3 comments:

Karen said...

Oh my gosh it is like that where you are too?! In your "affluent" province, your schools can't pay for pencils and paper either. Although he's in a different program now, at my son's old school I remember I sent him with his own binder paper, only to learn that the teacher was collecting it from the kids to put in a "pool" for the whole class. Every year the recommended school supplies list for each kid includes a box of kleenex. (Again, the teacher collects them and uses them for the class.) I always think that's crazy when I see that.

Allrie said...

As A former teacher who did exactly that, I must comment. In some classes, even in the most affluent schools, it is simple easier to "pool" the supplies. That way--everyone has what is needed. Also, theteacher can then add unobtrusively to the supplies where there are gaps, and the child[ren] who cannot bring everything is not usually noticed.

The Kleenex is for the whole class--and the teacher again must supply her room with kleenex if the students don't. Trust me, a box of Kleenex per child you have in school will not break you, but when you are the teacher and you have to keep it on hand, and you go throufght a bad cold bout in your classroom--it can get very pricey--sometimes you can go thru several boxes in one day!

Now...As to Alysobn's post: You are right in your observations. And yes, you are a stay at home Mom. Who better to organize a dreive for needed supplies? Perhaps your kids school could "adopt" a sister school [or class--a class] and supply pencils and paper, crayons, scissors, glue, whatever. Also, PTA or PTO grups are fine, but an active paren't club is better. I was in one school where a few weeks before school started for the year, each teacher was asked for a "wish list" and as much as could be done was done each year with volunteer labor and materials. I once wished for my side chalkboard to be all bulletin board. The next week, it was. That year the kindergarden teacher wished for shelves along one wall. She got them.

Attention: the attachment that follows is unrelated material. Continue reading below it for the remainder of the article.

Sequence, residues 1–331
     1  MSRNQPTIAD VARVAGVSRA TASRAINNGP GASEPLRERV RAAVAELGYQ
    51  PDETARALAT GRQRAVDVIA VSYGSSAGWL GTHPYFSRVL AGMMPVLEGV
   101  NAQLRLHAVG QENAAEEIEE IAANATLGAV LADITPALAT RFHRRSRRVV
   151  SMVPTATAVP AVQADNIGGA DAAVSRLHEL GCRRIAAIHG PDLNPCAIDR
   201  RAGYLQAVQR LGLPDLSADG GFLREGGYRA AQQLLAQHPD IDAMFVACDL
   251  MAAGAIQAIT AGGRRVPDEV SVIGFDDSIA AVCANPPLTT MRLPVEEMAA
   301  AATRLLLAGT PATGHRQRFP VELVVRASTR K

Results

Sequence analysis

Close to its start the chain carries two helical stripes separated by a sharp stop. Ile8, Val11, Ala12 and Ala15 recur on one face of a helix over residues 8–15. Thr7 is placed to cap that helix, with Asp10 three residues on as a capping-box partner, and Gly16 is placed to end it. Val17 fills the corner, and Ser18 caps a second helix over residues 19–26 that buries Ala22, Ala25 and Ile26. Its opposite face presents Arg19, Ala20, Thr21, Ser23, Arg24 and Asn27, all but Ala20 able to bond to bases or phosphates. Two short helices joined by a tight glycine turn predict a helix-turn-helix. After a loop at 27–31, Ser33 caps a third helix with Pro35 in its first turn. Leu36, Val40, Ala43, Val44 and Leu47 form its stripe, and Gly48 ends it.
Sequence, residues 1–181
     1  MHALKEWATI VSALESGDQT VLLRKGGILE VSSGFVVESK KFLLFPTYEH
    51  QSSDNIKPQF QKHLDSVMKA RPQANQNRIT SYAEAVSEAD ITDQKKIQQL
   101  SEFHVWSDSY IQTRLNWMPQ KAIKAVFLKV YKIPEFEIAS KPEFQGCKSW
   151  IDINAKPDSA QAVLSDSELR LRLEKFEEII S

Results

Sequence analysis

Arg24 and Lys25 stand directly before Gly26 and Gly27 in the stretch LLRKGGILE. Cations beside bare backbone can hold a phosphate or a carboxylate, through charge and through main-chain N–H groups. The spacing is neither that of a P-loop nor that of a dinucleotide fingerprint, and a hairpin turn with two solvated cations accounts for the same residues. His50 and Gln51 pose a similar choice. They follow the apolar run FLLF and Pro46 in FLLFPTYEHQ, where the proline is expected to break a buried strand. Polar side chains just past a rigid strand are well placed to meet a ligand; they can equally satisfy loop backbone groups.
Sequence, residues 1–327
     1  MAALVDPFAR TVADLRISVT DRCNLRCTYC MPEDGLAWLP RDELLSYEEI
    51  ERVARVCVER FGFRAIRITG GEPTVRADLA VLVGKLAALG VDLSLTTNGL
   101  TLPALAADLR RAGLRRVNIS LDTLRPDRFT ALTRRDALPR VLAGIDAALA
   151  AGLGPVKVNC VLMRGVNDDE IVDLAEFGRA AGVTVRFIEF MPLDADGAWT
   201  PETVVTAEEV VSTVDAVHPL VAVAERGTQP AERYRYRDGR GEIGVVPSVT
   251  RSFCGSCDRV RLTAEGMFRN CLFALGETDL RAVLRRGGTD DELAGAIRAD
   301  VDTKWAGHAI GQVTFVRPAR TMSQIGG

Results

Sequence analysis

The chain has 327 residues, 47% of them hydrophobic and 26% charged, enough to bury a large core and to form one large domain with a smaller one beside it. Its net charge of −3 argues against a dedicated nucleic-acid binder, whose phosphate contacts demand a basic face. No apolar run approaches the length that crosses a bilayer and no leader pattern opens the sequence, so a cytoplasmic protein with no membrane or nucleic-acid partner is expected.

I taught in a lot on inner city situations in more recent years. I grew weary [and poor] from having to purchase so much in the way of school supplies--but at least I knew the problem was district-wide. I wuld just get crazy when I would see a kid with no supplies, but money for treats. I did not understand it then, I do not understand it now. But I do know that teachers should not have to supply the basics out of her own pocket. But most of the time they do. And that is not all. Teachers also purchase much of their extras for classroom use--flashcards, storybooks, bulletinboard sets--especiaslly the teaching kind. Much of the construction paper etc. for the early grades as well as much of the copy paper as few schools have a large enough budget--and seldom do they have adequate textbooks now. I could go on...:( but I'd better stop now. [I can FEEL my blood pressure rising!]

fourth_fret said...

our education system is seriously mucked up. and it appears, with the "no child left behind act"... where schools are hurting the most, they will now have funding cut even futher because they aren't meeting a certain criteria.

now, i'm all for not leaving a child behind... but my theory is- if a school cannot already get their students to where they need to be, don't they need MORE funding to implement the tools, and programs that would help them?

i know this post wasn't about all of that... but it seems to fall into it some.

but hey, our professional athletes could fund several schools because we take care of those guys. YAY!